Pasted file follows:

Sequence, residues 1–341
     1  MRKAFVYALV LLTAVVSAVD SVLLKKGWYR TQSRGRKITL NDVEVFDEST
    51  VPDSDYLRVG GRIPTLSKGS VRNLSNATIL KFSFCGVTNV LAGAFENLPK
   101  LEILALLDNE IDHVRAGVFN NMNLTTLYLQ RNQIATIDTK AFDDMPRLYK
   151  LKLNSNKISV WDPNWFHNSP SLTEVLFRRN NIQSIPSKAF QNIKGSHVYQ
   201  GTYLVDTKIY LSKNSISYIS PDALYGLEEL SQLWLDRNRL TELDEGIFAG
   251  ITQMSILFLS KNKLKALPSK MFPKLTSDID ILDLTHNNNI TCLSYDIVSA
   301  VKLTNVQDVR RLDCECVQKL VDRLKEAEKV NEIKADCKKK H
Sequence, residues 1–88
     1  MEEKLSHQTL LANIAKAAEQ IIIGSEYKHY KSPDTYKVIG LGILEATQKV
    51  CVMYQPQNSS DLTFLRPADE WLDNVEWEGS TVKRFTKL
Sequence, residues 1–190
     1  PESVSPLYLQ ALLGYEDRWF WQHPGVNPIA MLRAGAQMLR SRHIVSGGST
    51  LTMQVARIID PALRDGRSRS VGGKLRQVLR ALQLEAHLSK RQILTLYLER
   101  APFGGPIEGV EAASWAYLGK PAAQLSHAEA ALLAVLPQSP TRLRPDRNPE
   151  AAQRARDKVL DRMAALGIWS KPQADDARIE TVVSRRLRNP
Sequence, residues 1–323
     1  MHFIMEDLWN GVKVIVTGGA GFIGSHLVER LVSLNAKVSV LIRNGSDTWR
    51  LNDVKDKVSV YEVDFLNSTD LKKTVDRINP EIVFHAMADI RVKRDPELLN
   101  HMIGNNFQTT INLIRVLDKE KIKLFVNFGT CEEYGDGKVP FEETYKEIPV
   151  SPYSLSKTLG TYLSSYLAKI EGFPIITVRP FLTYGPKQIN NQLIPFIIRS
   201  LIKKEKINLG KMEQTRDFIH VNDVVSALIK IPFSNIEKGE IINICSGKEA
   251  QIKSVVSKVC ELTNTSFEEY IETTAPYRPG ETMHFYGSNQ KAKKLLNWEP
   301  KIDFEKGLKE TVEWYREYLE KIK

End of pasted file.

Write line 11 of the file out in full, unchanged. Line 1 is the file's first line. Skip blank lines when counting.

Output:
    51  CVMYQPQNSS DLTFLRPADE WLDNVEWEGS TVKRFTKL